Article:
It’s a different experiment from Vishal-Thiru combination. When the actor’s career graph was literally dwindling due to mediocre commercial movies, debutant Thiru came into picture exhibiting Vishal as a sweet loving chap in Theeratha Vilayaattu Pillai. And again, while his previous film Vedi turned out to be a disaster, it’s the same filmmaker having him back under the spotlights. Yes, Samar might have arrived without fanfare, but turns to be a surprise for the audience as they have something unlooked for.
The trailer might have instigated our assumptions that it’s a time-worn double action drama that revolves around mistaken identities. However, 40 minutes into the film proves us wrong and it’s time to embrace something unusual here.
After three months of break-up, when Sakthi (Vishal) receives a letter from his ex-girlfriend Rupa (Sunaina) with a flight ticket to Bangkok, where she is settled, he is bound to irresistible glee to revive their relationship. While boarding the flight, he comes across a beautiful girl Maya (Trisha), who helps him through the procedures of security check points in airport. Soon after listening to his love story, Maya gets acquainted with Sakthi and indeed presents with gifts for his girlfriend. Things turn out to be a deplorable moment for Sakthi as Rupa doesn’t turn up as she mentioned in the letter.
Alas! It’s not just about disappointments, but Sakthi is unaware about a bunch of shocking happenings that Bangkok city in stock for him.
Thiru might be just a film old, but has gained lots of adeptness over narrating a story with effective screenplay. Maybe, the introduction of Vishal has an action hero might be little dissatisfactory not giving us any hope that it’s a different film. But an unexpected situation of break-up scene right in the second scene brims us to expect different. Keeping the suspense element locked as long as possible keeps us on edge-of-seat. The director has incisively understood the significance of the script and has kept away the unwanted commercial elements like comedy track, overdosed glamour (you’ll find Trisha in skimpy costume only in a dream song), etc. Yes, the songs in second half suppress the momentum of film and the screenplay could have been little crispy. But the climax does justice to the entire film, where the protagonist settles score. Of course, the smart move by Vishal in the climax is engrossing. Vinnaithaandi Varuvaaya delineated her as a beautiful girl with stubborn character, but Trisha has more to perform here. She looks beautiful and her costume designer needs special mention.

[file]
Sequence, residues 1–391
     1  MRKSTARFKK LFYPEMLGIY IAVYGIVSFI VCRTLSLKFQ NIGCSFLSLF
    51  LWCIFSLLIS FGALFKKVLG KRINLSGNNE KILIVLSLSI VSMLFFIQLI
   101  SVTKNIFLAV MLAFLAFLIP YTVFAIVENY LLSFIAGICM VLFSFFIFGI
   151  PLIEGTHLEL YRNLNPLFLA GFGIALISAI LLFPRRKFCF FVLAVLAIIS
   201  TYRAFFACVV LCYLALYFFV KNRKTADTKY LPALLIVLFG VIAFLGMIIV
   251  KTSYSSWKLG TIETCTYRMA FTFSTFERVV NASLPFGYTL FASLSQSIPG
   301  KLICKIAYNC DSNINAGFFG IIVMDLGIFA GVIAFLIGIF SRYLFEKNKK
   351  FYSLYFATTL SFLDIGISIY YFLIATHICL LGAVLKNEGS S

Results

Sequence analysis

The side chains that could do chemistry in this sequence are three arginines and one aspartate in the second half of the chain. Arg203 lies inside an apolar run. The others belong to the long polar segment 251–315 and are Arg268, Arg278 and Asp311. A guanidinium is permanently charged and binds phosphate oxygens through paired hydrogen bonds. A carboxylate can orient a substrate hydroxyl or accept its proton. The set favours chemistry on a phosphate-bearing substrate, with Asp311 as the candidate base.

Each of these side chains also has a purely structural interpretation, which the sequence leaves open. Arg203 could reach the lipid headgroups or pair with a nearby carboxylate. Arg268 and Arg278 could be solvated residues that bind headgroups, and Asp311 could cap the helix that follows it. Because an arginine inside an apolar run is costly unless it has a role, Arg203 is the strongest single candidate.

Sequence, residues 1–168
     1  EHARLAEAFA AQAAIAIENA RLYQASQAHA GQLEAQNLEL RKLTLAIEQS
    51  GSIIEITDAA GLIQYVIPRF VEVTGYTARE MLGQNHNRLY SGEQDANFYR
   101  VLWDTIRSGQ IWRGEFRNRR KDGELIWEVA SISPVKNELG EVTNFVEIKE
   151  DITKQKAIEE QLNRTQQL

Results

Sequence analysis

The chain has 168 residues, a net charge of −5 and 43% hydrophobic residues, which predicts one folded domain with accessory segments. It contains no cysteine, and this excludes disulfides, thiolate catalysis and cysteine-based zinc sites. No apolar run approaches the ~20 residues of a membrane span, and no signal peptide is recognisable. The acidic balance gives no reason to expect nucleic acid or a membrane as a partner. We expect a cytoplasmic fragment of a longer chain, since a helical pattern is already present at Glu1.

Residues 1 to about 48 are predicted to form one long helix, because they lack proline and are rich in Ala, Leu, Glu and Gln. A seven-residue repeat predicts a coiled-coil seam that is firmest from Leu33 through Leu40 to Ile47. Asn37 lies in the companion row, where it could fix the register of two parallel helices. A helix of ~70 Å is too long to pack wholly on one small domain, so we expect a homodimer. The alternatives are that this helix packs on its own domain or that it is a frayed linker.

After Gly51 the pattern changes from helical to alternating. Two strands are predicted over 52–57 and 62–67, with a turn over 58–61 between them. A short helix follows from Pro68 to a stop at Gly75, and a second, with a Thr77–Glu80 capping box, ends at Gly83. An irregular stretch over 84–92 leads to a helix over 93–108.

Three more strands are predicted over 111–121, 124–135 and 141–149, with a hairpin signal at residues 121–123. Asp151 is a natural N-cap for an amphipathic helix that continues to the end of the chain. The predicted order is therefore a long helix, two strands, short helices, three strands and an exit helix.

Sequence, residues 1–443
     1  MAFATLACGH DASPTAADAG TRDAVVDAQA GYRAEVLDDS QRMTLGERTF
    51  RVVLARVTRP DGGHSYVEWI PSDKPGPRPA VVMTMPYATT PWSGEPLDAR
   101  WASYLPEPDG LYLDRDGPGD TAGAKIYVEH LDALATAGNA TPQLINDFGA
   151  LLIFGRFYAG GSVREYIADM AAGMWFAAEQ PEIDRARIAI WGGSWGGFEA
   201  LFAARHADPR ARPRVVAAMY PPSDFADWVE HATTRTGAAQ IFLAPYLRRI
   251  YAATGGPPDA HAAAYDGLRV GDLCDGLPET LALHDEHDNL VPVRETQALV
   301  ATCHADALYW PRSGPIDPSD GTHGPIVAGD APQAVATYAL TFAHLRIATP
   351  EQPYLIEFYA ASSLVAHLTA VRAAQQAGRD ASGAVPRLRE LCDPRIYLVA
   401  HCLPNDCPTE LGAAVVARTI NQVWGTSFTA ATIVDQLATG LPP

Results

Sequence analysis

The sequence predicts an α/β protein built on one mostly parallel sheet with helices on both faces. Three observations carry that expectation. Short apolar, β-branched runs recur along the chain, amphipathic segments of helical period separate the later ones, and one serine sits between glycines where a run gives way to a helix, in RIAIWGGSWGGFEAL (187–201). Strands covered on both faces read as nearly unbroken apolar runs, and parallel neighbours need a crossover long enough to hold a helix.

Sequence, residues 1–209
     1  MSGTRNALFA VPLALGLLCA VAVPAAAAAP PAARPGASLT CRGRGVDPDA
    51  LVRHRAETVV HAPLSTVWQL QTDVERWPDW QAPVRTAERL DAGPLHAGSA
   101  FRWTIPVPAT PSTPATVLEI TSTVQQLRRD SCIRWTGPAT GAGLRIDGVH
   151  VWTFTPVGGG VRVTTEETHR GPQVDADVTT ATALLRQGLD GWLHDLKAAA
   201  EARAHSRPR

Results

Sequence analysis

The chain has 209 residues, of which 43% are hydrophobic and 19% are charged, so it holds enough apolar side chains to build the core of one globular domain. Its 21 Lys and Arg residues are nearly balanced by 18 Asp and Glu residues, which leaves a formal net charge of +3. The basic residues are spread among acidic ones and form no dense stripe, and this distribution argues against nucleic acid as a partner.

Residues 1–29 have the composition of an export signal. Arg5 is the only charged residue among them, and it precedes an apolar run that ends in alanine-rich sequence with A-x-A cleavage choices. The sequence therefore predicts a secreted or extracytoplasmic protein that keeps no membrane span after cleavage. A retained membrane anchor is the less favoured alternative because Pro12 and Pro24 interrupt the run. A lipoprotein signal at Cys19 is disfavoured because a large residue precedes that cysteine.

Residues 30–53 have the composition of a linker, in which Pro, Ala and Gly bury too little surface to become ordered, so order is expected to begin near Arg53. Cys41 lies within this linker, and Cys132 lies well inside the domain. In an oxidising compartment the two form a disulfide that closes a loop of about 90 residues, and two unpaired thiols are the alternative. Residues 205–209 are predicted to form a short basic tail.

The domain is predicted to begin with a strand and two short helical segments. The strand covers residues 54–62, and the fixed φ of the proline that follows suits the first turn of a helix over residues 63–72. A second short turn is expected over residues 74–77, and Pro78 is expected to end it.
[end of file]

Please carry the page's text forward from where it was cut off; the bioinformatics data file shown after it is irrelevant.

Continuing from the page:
JD Chakravarthy and Manoj Bajpayee have very less duration on screens, but their characters are very well etched (don’t complain about their attitudes, it’s a role required for the script). The ensemble star-cast of John Vijay, Jayaprakash, Sreeman and Sunaina is limited, but their significance of characterization contributes a lot to the film. There are some logics missing like why Vishal doesn’t call back to his home in spite of being bounded to many problems.
Technically, it’s background by Yuvan that helps him in many places to enhance the narrative quotient. The cinematography across the locales of Bangkok and Western Ghats is of top-notch quality.
On the whole, Samar is a laudable suspense drama drawn tight with mystery, thriller and strong characterizations and action sequences (logical).
Verdict: A taut thriller of cat-n-mouse
Review by Richard Mahesh
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